V Mail During WWII

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The following can be found at 

The National Postal Museum.

Victory Mail, more commonly known as V-Mail, operated during World War II to expedite mail service for American armed forces overseas. Moving the rapidly expanding volume of wartime mail posed hefty problems for the Post Office

Department, War Department, and Navy Department. Officials sought to reduce the bulk and weight of letters, and found a model in the British Airgraph Service started in 1941 that microfilmed messages for dispatch.

V-Mail used standardized stationery and microfilm processing to produce lighter, smaller cargo. Space was made available for other war supplies and more letters could reach military personnel faster around the globe.

This new mode of messaging launched on June 15, 1942. V-Mail assisted with logistical issues while acknowledging the value of communication. In 41 months of operation, letter writers using the system helped provide a significant lifeline between the frontlines and home.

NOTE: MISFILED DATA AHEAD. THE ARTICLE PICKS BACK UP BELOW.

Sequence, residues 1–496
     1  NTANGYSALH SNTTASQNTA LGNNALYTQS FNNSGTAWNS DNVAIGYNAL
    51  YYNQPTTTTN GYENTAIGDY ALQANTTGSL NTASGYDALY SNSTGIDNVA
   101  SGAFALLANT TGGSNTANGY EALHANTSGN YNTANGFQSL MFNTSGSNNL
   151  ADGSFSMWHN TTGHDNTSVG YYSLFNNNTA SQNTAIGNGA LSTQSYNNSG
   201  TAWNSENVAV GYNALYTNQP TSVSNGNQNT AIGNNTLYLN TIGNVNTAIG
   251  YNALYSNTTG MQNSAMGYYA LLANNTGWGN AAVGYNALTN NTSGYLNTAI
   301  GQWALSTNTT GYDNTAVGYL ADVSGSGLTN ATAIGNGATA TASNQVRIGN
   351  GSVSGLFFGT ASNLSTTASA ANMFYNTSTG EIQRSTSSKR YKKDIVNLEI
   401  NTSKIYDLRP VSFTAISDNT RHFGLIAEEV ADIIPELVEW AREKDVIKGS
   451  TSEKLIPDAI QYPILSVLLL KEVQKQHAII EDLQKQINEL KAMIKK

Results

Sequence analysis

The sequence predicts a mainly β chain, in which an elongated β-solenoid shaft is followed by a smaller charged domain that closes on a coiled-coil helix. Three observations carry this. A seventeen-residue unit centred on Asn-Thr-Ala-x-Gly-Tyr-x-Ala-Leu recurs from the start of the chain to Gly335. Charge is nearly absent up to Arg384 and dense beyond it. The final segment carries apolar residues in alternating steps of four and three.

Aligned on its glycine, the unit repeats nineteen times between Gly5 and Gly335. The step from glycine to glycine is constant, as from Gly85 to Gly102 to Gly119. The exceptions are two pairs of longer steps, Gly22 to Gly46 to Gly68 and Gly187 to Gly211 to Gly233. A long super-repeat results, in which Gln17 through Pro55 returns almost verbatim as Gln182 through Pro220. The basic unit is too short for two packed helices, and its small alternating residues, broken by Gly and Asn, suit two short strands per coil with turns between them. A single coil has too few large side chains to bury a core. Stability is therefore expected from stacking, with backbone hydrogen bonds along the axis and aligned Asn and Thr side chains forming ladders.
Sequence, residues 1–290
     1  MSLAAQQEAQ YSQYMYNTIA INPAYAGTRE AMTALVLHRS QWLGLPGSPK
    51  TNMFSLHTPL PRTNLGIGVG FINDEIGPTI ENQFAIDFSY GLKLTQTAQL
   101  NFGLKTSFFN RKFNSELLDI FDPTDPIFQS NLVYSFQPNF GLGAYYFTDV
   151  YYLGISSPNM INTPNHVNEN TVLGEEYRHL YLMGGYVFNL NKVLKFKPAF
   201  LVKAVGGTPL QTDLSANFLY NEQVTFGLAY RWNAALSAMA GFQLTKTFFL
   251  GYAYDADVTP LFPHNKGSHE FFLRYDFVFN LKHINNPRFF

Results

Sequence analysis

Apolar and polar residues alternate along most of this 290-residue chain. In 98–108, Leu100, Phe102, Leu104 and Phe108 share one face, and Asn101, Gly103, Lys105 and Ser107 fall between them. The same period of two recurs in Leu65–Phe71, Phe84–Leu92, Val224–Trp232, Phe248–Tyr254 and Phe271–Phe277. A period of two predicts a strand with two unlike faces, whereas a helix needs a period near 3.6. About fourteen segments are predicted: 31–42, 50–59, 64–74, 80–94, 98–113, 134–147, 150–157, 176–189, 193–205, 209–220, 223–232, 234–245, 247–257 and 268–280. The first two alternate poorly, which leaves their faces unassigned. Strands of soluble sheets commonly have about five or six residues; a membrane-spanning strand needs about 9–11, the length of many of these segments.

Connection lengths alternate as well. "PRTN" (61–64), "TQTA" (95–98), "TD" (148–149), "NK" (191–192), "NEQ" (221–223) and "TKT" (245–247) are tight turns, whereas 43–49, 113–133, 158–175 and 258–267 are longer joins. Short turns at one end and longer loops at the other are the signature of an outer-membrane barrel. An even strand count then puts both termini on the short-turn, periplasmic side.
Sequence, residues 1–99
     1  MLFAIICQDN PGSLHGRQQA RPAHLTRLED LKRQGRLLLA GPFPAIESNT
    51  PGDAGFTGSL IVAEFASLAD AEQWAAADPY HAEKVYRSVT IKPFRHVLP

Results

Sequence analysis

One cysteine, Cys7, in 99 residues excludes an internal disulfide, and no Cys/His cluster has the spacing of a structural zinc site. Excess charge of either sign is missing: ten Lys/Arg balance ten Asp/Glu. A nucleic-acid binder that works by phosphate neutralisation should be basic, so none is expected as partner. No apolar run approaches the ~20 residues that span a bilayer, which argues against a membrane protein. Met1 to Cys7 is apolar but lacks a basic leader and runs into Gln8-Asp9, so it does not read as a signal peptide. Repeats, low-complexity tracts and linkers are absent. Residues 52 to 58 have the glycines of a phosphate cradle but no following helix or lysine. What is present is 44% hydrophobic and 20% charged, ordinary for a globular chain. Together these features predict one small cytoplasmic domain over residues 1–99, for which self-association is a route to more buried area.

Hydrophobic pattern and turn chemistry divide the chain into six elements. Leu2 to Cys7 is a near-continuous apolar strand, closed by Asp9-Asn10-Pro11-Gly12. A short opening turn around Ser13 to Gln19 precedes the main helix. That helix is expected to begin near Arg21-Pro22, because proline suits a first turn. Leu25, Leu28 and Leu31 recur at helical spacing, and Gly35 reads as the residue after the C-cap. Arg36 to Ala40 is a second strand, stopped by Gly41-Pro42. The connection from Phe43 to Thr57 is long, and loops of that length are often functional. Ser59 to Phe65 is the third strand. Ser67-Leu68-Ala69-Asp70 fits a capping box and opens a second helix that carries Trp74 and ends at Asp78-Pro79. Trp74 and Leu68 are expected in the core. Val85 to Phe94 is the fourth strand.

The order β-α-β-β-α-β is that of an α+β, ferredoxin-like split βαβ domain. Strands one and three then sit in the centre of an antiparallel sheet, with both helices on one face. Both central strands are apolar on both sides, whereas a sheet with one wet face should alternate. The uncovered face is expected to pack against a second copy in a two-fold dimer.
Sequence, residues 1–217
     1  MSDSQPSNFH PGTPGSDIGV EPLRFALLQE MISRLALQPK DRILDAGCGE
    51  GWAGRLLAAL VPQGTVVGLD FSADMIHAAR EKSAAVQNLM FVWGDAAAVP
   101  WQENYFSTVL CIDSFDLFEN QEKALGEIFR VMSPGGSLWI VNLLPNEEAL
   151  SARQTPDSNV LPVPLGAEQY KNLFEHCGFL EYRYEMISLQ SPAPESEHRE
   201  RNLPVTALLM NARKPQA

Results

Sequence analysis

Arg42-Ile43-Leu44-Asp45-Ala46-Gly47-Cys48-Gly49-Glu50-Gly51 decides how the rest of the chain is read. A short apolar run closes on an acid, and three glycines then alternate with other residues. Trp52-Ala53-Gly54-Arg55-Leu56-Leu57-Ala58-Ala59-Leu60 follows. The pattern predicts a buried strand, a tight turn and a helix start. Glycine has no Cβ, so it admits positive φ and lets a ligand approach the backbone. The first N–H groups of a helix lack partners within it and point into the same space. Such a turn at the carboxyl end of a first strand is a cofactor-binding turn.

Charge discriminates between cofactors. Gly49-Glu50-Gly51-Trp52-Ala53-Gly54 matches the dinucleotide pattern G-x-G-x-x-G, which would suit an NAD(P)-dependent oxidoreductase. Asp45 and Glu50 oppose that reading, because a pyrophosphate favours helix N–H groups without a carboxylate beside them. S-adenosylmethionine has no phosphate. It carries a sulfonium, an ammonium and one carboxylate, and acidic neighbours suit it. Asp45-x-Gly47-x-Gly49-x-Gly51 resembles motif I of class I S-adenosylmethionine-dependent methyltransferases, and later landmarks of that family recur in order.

“The Post Office, War, and Navy Departments realize fully that frequent and rapid communication with parents, associates, and other loved ones strengthens fortitude, enlivens patriotism, makes loneliness endurable, and inspires to even greater devotion the men and women who are carrying on our fight far from home and friends. We know that the good effect of expeditious mail service on those of us at home is immeasurable” 

 (Annual Report to the Postmaster General, 1942).

  

In 2019 Margaret McClusky Cleary (daughter of Margaret Dobbins McClusky) donated a collection of WWII letters and correspondence that had been preserved by their family.

The following are examples of V Mail that

was within that collection.

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Below is a V Mail letter placed on top of a normal sized envelope

to give some prospective.

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The above photo is from the National WWII Museum 

and shows sacks of  V Mail in transport.

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From the Smithsonian Magazine YouTube channel.